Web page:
Saudi-led coalition keeps up Hodeidah assault before United Nations meeting

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A Saudi-led alliance of Arab states launched the largest assault of Yemen's war on Wednesday with an attack on the main port city, aiming to drive the ruling Houthi movement to its knees at the risk of worsening the world's biggest humanitarian crisis.

Yemen has been engulfed in a civil war since Iranian-backed Houthis overthrew the Yemeni government and seized control of the capitol three years ago. The sound of heavy, sustained gunfire could be heard clearly in the background.

Responding to the early stages of the attack-which began with an estimated 30 Saudi airstrikes within half an hour, guided by U.S. military intelligence-Win Without War wrote on Twitter that the attack is "a dark moment of shame for the United States".

The coalition announced a five-point aid plan for the Hodeidah port and surrounding areas, including the establishment of a shipping lane to Hodeidah from the UAE capital, Abu Dhabi, and Jizan, a city in southern Saudi Arabia.

"All peaceful and political means of removing the Houthi militia from Hodeida port have been exhausted", the government said in a statement carried by Yemen's state news agency Saba. The Houthis swept into Yemen's capital, Sanaa, in 2014 and the coalition entered the war the following year. The port is the lifeline to much-needed supplies of food and other life-saving resources and any attack would jeopardize the ability of this country to feed itself.

It is the first time the Saudi-led coalition of mostly Gulf states has tried to capture such a well-defended major city in Yemen.

Through this period and in many occasions, the Arab coalition has called for an worldwide action to put a halt to rockets and weapons smuggling through aid campaigns entering Yemen from Hodeidah port, demanding to no vain, that the global community should send humanitarian organizations to monitor the aid shipment entering Yemen.

A Saudi military spokesman described forces drawing closer to Hodeida (hoh-DY'-duh), through which some 70 percent of Yemen's food enters via the port, as well as the bulk of humanitarian aid and fuel supplies in this country on the brink of starvation.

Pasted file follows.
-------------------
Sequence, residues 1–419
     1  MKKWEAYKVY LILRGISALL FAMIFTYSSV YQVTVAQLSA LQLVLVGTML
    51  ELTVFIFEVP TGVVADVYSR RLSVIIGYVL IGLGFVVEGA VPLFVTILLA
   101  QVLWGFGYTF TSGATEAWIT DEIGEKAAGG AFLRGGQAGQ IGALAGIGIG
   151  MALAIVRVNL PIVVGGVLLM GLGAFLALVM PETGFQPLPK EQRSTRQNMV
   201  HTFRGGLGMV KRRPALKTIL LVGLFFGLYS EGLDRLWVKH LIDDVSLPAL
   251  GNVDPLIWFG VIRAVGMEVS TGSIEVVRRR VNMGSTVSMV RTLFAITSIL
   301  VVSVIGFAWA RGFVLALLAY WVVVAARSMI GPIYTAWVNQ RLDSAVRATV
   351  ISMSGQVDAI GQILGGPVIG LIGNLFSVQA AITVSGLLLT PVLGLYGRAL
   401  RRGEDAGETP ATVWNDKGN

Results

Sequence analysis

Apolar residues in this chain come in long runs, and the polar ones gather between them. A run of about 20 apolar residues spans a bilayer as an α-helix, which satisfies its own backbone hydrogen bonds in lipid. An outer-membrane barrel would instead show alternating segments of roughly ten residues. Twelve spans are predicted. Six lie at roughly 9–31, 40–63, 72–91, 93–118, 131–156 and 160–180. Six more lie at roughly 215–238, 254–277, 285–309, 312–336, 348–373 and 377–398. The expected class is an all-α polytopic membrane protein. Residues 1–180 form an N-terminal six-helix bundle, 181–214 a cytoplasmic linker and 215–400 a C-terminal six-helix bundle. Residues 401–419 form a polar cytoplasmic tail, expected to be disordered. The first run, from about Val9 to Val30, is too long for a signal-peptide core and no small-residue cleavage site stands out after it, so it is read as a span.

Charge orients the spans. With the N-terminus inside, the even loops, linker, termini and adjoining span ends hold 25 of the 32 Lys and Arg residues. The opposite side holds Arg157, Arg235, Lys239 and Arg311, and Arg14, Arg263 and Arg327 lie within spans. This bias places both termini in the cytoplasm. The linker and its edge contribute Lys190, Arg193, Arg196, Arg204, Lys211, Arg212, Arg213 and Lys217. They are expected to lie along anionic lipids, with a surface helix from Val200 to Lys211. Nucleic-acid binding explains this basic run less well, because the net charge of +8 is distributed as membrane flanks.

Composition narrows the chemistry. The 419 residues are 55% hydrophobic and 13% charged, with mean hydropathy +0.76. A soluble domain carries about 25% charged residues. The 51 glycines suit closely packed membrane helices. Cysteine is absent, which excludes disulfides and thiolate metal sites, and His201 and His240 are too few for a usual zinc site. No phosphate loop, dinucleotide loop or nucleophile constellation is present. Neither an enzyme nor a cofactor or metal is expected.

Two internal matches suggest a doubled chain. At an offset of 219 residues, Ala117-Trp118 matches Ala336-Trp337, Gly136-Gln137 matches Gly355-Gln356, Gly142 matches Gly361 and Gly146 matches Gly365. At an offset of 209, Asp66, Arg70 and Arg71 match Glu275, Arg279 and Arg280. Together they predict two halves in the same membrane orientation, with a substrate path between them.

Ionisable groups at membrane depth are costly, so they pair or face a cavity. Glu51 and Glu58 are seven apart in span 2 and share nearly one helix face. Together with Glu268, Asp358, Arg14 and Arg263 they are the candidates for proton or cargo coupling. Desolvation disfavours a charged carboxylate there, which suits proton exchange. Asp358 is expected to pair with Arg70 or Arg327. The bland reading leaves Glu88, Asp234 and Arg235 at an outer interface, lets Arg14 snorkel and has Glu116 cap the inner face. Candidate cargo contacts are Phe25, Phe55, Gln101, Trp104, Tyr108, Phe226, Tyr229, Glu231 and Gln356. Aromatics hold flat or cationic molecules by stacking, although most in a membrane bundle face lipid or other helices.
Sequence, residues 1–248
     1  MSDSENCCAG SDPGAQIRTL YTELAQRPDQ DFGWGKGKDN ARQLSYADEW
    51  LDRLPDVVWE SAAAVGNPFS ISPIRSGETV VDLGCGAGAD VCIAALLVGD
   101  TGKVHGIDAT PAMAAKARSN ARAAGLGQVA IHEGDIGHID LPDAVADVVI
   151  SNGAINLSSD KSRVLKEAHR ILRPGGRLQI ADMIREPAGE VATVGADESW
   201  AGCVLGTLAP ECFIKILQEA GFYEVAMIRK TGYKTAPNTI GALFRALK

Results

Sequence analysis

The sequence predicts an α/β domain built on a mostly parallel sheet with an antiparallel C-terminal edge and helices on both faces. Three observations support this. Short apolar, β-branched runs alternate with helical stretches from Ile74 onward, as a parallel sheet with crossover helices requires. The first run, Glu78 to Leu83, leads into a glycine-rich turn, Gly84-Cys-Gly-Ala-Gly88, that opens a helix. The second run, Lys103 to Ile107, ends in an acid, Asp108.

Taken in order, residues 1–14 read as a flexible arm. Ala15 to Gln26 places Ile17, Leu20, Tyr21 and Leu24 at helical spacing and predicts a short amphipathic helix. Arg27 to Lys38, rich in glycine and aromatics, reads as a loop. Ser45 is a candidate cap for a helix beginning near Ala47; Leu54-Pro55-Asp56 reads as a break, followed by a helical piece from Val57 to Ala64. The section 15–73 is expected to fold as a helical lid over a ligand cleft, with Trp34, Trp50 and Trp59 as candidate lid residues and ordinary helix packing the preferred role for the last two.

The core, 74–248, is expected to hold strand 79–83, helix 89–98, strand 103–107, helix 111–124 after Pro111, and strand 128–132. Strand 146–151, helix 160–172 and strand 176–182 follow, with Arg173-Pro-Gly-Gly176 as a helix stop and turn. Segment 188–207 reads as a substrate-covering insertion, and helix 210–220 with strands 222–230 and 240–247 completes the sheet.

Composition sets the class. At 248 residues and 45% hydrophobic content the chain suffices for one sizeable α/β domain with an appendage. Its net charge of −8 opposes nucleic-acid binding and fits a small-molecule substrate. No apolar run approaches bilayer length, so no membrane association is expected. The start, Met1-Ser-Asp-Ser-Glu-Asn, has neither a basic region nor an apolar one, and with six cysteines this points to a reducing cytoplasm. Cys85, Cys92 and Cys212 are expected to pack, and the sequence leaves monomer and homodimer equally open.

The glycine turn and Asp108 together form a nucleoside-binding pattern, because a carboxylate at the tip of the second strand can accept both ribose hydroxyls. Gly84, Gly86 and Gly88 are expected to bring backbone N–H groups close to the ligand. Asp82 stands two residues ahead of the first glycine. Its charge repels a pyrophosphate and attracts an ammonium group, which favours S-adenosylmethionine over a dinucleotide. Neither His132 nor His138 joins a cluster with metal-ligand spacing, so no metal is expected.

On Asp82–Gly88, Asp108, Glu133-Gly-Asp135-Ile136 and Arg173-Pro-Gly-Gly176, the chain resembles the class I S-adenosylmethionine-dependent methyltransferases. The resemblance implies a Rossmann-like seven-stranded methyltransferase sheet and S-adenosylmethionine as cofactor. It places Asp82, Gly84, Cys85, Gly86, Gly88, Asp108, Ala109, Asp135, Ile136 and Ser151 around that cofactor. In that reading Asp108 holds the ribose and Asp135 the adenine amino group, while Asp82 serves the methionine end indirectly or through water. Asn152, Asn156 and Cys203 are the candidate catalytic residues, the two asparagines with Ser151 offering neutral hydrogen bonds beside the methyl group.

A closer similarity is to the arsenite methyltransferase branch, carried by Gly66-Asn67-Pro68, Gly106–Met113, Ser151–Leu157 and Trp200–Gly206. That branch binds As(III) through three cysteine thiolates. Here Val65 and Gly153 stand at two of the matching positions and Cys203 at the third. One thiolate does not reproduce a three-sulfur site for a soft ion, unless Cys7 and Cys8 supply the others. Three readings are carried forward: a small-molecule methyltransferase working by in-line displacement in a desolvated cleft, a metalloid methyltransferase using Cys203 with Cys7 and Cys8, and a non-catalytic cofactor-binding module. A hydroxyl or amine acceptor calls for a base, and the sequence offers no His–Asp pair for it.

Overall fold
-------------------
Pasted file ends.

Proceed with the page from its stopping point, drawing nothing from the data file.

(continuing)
The UN has warned that in a worst-case scenario, the battle could cost up to 250,000 lives and cut off aid supplies to millions of people.

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Some 22 million people, or 80 percent of the Yemeni population, are in need of humanitarian aid, while more than half of the country is left without basic medical services.

The U.N. International Committee of the Red Cross (ICRC) called on Wednesday for all sides in Yemen's war to protect civilians. There was no immediate confirmation from the coalition.

The worldwide aid group warned of a "high risk of a second outbreak" should water supplies be disrupted.

Saudi Arabia, the United Arab Emirates and a bloc of other countries intervened in Yemen in 2015 with the goal of restoring the government to power. It said: "The Emiratis have informed us today that they will now give a three-day grace period for the United Nations (and their partners) to leave the city".

Field commanders said that troops pushed towards Hodeida airport after Yemeni pro-government forces received a "green light" from the coalition.

The UAE has said coalition forces plan to keep the port operational but warned that the Houthis could sabotage infrastructure and place land and sea mines as they withdraw.

The Houthis deny they are Iranian pawns and say their revolt aims to target corruption and defend Yemen from invaders.

The Yemeni rebel group Ansar Allah (the Houthis) claimed on 13 June that it repelled an amphibious landing by the Saudi-led coalition when it hit a naval ship with two missiles earlier in the day.

"As we have seen in post-ISIS Mosul, improving the humanitarian situation significantly, requires reinstating legitimate government institutions and providing continued robust global support".

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